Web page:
J Cancer Metastasis Treat 2021;7:[Accepted].10.20517/2394-4722.2021.120@The Author(s) 2021
Bone marrow niches in myelodysplastic syndromes
Correspondence Address: Giovanna Tosato, Laboratory of Cellular Oncology, National Cancer Institute, National Institutes of Health, Bethesda, MD 20892, USA. E-mail: firstname.lastname@example.org; ORCID: 0003-1663-3227
Received: 18 May 2021 | Revised: 6 Jul 2021 | Accepted: 14 Jul 2021 | First online: 14 Jul 2021
AbstractGenetic and epigenetic lesions within hematopoietic cell populations drive diverse hematological malignancies. Myelodysplastic syndromes (MDS) are a group of myeloid neoplasms affecting the hematopoietic stem cells characterized by recurrent genetic abnormalities, myelodysplasia (a pathological definition of abnormal bone marrow structure), ineffective hematopoiesis resulting in blood cytopenia, and a propensity to evolve into acute myelogenous leukemia. Although there is evidence that the accumulation of a set of genetic mutations is an essential event in MDS, there is an increased appreciation of the contribution of specific microenvironments, niches, in the pathogenesis of MDS and response to treatment. In physiologic hematopoiesis, niches are critical functional units that maintain hematopoietic stem and progenitor cells and regulate their maturation into mature blood cells. In MDS and other hematological malignancies, altered bone marrow niches can promote the survival and expansion of mutant hematopoietic clones and provide a shield from therapy. In this review, we focus on our understanding of the composition and function of hematopoietic niches and their role in the evolution of myeloid malignancies, with a focus on MDS.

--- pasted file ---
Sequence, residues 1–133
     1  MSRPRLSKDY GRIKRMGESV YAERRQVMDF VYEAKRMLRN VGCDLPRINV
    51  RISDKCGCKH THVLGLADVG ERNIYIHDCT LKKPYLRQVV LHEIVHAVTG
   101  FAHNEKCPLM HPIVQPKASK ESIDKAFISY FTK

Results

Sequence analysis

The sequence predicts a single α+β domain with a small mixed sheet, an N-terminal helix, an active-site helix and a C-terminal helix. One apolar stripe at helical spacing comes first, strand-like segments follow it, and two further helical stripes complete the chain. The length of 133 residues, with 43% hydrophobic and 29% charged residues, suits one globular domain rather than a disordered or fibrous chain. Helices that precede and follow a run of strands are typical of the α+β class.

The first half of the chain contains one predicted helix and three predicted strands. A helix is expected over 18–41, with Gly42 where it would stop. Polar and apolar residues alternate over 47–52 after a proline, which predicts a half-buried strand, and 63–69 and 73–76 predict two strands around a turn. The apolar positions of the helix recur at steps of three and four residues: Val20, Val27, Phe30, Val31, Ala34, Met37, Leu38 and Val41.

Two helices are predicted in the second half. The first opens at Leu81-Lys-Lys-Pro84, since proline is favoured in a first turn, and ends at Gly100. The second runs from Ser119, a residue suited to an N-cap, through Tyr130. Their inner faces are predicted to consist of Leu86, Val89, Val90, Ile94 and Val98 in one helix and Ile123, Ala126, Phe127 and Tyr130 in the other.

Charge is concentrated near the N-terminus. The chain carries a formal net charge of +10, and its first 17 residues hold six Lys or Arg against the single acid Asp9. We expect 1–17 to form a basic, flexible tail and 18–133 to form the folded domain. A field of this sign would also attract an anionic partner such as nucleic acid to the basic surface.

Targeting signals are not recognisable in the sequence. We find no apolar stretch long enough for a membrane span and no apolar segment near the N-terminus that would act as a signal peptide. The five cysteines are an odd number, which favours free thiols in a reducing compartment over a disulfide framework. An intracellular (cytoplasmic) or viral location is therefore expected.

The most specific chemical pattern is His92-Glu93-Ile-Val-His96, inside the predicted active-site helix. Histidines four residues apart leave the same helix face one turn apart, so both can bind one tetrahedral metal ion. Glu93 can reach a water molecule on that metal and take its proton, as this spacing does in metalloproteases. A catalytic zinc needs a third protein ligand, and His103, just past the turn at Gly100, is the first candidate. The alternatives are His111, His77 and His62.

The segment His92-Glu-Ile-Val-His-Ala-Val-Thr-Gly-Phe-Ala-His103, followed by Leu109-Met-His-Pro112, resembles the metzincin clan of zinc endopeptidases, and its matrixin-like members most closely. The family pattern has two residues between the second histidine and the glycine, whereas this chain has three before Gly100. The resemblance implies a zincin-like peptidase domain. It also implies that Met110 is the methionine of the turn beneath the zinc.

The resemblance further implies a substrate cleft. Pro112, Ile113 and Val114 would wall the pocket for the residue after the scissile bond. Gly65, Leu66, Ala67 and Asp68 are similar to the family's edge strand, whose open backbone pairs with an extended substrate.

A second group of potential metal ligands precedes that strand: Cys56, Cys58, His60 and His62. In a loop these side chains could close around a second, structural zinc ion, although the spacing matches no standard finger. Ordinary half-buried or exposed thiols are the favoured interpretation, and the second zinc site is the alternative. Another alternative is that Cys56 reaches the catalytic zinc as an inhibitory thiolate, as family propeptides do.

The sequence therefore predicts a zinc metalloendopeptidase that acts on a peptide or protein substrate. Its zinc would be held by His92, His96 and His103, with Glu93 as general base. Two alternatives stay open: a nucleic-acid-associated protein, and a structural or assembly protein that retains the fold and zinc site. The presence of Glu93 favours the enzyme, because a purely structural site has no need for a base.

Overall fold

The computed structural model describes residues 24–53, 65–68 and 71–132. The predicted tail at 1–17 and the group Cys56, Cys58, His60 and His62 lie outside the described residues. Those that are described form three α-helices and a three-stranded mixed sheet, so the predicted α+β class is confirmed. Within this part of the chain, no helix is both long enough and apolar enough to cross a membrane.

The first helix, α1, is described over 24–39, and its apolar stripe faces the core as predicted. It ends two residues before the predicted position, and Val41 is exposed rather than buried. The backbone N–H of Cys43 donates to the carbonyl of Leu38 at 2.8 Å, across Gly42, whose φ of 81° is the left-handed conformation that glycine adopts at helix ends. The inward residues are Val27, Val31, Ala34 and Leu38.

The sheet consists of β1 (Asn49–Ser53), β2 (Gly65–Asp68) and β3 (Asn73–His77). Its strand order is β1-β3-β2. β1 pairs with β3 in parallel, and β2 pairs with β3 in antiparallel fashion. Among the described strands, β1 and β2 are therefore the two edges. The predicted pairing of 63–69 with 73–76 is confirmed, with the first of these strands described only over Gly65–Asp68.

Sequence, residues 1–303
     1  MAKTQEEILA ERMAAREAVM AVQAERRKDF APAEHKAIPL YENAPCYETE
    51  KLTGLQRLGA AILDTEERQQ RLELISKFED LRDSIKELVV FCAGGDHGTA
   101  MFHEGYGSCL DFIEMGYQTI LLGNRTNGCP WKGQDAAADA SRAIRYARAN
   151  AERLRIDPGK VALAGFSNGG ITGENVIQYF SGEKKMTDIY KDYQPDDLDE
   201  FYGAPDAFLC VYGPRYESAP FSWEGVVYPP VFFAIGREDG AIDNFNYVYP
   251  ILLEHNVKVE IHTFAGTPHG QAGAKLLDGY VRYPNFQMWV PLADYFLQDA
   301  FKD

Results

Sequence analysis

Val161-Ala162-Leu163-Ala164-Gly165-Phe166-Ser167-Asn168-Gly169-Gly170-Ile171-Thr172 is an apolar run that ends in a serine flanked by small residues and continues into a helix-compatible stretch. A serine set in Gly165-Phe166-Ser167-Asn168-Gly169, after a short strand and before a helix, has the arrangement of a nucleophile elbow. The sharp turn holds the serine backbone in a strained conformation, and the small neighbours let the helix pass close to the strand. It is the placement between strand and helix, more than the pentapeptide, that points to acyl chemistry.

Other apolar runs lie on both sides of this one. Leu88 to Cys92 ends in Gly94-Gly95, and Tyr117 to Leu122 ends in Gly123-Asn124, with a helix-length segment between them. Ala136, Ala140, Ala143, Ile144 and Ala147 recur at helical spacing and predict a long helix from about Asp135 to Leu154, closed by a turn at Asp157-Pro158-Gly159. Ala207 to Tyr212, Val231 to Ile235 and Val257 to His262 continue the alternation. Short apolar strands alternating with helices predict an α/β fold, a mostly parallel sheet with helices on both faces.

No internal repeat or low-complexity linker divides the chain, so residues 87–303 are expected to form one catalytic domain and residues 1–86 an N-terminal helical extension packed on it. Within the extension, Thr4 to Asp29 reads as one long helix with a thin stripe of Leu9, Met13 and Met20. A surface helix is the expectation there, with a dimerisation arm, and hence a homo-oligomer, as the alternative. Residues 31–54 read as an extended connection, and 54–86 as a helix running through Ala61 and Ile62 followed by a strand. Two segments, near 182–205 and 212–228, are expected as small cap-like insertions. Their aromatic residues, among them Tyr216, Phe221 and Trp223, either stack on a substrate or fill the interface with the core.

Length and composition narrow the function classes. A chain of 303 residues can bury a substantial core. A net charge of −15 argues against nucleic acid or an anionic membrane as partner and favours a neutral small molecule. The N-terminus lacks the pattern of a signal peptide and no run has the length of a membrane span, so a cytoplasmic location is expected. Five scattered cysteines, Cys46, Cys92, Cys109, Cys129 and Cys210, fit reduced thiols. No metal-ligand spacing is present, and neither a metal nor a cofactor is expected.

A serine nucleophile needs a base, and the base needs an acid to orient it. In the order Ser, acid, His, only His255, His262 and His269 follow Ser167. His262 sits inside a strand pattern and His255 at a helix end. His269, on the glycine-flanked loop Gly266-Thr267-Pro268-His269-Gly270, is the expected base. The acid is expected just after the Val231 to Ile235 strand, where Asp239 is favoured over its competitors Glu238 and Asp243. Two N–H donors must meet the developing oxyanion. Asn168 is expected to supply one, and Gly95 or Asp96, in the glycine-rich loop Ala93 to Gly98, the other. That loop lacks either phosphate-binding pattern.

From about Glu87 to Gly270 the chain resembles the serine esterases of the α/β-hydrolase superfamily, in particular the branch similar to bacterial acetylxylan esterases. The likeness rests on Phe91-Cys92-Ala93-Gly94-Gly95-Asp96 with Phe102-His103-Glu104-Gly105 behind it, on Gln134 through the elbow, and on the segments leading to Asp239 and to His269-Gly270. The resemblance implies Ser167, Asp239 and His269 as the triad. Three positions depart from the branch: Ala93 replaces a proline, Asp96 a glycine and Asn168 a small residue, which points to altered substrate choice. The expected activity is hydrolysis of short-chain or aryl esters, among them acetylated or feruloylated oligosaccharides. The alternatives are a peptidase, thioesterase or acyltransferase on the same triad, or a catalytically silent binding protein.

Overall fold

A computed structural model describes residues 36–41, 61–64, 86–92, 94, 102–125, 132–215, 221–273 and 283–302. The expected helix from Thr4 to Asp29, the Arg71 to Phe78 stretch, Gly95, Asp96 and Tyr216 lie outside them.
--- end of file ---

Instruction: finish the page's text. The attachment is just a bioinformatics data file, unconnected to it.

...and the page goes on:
KeywordsHematological malignancies, endothelial cells, stromal cells, bone marrow niches, microenvironment, angiogenesis, inflammation, hypoxia
Cite This Article
Tosato G, Feng JX, Ohnuki H, Sim M. Bone marrow niches in myelodysplastic syndromes. J Cancer Metastasis Treat 2021;7:[Accept]. http://dx.doi.org/10.20517/2394-4722.2021.120